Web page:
Standard Flow of a Website that Sells

Building a Website that SELLS

When it comes to a website, particularly a homepage, you want to think of it as your digital storefront. 

The very first thing that visitors should know when they first land on your website is exactly what you can do for them. That’s it. That’s the big secret.

Now there is a standard flow that’s based on psychology but also aesthetics. Here it is:

  • At the top of the page, before the scroll, is a header describing what you can do for someone. It should immediately answer the prompt: I’m here to help you….
  • Under this can be prioritized differently, but it’s generally the following:
    • A brief about section (so, who you are)
    • Your offerings (so, what you offer or your services or products)
    • Testimonials (so, how you’ve helped others)
    • Blogs, podcasts, videos, links to subscribe (so, what you know)
    • How to connect (so, how someone can reach you)

One of the most important things you can do is be crystal clear on the reasons your website exists – for you and your visitor. What are your objectives? What specific goals are you trying to achieve with your website? 

Sample objectives include the following (but are not limited to the following!):

  • Grow your email subscriber list
  • Sell your product or program
  • Book a service or appointment
  • Subscribe to your podcast
  • Inspire visitors to comment on blog posts
  • Enroll people in a rewards or loyalty program
  • Build trust and credibility

You will see that these objectives all involve taking action in some way.  This is frequently called a “call to action.” Whether it’s buying something, opting in to something or subscribing to something, your goal is for them to take any action to become a new or future customer.  

One of the biggest mistakes that a lot of entrepreneurs make is when they start filling up their website with all kinds of links and graphics and social media icons that drive traffic away. You want your visitors to stay on your website and then take an action on your website. 

Ask yourself these questions to discover your website objectives:

  1. What are the top 3 objectives of your website? 
  2. Why is my ideal customer visiting my website? What are they hoping to learn, solve or purchase from me?
  3. What emotions are they hoping to feel by visiting my site?
  4. What information do they want from me right away? Use the words or phrases they would use.

The way to figure out if your website is functioning like a digital storefront and actually working for your objectives is through the 3 C’s.

The 3 C’s of an Effective Website

The First C: Connecting to your audience: Your website should be able to instantly connect your ideal customer to your business. You want to make sure that your messaging and the way you format the website is really customer-focused. Think about what your ideal customer wants to see and read. 

How to make sure you’re connecting:

Ask five people (preferably ideal customers or favorite clients) for their honest feedback. Send them your site and ask them the following questions:

  1. When you look at my site, do you instantly know what I do, who I serve, and how I can help?
  2. Is there anything confusing about my website?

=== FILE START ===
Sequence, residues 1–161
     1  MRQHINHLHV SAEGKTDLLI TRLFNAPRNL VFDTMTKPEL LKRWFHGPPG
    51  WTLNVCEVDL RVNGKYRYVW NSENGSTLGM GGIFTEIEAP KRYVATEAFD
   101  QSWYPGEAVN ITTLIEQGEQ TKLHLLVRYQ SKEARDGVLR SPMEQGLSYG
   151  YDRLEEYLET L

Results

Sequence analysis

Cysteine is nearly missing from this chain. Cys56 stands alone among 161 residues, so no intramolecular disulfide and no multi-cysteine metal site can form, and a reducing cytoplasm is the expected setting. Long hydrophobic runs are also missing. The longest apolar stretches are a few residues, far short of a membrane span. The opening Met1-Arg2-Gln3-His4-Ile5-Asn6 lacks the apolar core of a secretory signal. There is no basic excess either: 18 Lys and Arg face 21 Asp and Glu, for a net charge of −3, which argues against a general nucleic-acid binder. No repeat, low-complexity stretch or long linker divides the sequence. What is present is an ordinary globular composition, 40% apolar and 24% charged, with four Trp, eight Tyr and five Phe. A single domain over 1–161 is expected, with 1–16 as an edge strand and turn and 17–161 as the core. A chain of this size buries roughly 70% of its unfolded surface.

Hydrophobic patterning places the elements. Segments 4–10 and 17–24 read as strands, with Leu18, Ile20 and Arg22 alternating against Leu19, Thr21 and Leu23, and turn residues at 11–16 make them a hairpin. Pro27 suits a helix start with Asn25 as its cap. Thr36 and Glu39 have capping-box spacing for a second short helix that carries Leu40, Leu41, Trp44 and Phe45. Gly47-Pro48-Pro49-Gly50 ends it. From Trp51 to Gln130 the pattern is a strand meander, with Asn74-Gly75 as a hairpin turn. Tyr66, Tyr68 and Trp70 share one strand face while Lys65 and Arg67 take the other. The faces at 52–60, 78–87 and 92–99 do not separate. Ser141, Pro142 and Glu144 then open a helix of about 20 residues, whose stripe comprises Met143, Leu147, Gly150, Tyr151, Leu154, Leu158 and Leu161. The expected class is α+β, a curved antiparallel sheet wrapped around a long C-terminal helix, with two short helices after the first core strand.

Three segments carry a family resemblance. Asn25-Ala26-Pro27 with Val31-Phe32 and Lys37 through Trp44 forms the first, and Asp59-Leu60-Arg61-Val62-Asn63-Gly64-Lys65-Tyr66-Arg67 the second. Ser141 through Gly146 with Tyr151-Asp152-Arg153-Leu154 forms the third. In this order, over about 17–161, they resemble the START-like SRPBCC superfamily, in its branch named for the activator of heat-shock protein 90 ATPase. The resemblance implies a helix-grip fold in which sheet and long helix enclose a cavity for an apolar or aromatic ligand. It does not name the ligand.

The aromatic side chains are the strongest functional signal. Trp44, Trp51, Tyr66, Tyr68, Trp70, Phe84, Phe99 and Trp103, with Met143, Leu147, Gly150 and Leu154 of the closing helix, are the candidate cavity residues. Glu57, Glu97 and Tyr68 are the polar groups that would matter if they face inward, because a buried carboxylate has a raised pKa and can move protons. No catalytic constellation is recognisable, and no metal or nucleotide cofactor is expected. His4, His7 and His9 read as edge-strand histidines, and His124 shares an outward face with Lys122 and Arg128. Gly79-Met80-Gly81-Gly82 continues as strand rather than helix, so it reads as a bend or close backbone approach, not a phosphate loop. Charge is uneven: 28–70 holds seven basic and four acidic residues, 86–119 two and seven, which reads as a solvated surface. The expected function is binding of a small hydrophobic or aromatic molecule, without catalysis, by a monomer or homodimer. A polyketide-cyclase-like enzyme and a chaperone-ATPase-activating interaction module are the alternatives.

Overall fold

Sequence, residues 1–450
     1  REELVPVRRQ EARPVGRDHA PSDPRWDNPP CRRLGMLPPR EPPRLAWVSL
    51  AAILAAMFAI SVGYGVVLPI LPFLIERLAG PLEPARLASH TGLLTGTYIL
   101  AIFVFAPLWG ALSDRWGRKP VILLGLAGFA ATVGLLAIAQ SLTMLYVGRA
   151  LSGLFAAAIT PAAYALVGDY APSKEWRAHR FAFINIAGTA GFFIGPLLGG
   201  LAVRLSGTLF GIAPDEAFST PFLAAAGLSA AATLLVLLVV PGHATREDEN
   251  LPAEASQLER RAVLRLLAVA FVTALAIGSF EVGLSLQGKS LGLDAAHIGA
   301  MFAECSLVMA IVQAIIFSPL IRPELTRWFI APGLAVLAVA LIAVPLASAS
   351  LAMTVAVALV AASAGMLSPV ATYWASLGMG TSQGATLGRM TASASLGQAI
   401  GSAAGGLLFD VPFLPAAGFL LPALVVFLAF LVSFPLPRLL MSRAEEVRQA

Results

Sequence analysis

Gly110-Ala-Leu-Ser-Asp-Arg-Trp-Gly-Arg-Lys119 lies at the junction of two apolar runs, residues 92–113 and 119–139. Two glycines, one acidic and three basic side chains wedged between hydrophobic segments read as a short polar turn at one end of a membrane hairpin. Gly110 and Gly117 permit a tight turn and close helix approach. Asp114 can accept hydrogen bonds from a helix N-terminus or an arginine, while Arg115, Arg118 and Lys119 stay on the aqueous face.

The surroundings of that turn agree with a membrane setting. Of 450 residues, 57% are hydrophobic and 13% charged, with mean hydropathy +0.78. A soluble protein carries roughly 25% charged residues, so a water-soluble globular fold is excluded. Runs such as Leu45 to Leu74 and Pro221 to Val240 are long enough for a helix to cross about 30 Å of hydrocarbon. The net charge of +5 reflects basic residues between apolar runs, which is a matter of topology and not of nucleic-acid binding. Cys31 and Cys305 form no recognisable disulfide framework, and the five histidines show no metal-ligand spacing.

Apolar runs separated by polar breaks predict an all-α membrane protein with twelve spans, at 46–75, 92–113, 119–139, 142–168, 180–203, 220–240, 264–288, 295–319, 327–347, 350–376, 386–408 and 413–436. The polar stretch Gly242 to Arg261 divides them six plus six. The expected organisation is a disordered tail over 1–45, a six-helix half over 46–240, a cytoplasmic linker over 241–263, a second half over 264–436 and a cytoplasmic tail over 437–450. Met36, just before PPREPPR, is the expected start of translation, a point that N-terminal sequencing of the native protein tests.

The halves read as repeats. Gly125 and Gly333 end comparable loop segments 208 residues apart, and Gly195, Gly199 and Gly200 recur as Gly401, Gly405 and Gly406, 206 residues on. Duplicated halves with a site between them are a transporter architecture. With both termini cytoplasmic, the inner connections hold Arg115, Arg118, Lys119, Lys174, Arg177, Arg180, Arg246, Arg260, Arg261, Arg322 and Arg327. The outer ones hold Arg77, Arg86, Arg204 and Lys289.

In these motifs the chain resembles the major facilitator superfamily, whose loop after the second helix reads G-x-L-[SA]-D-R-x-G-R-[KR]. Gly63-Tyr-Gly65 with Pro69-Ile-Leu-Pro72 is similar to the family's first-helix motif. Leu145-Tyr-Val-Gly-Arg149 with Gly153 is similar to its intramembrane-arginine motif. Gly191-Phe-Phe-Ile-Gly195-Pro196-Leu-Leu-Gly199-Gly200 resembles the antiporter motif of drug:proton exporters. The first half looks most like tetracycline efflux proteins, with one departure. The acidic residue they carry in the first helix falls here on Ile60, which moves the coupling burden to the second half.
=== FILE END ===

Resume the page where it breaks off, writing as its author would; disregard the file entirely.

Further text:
3. Can you easily find where to sign up for ___? (This could be the newsletter, opt-in, free report, webinar, etc.)
  4. Does my website seem cluttered or unprofessional in any way?
  5. Is there anything else you’d like to share about the site to help me improve it?

The Second C: Collecting potential leads: As part of your marketing strategy, your website must be able to collect and capture names and email addresses for the purposes of marketing to your customers and reminding them that you can solve their current problem. Besides making sales, growing your list is the most important reason for your website. It’s a way to build that “know, like and trust” factor of your business. Most people won’t purchase from you on the first visit to your website, so collecting emails in an effort to continue marketing to them is a great way to build genuine trust over time. 

How to make sure you’re collecting:

Now you have to find out if your website effectively collects people’s names and emails. Aside from sales, your website should also collect sign-ups through opt-ins or forms, enabling your potential customers to have an opportunity to stay engaged with you and hopefully become buyers one day. So, simply conduct tests to ensure that these forms are working. 

The Third C: Converting leads into customers: As mentioned, your website is your digital storefront – allowing you to convert leads to sales and generate business. It allows you to really showcase your products and services, make offers, and sell! It should include enough information and make it as easy as possible for the visitor to buy from you. 

How to make sure you’re converting:

There are two primary ways for visitors to convert into buyers. One of the ways is through an opt-in or subscription form. The other way is through sales conversions, or the number of people who purchase your products or services. The only way to know you’re converting is to set up an analytics tool to track it.

Google Analytics is a great tool to measure various elements of your website. From tracking demographics to visitor counts, this analytics platform is perfect for small business owners. 

And those are the 3 Cs to test your website effectiveness! Hopefully I’ve provided some valuable tips as to how you can get your website to do what it needs to do for you – SELL. 

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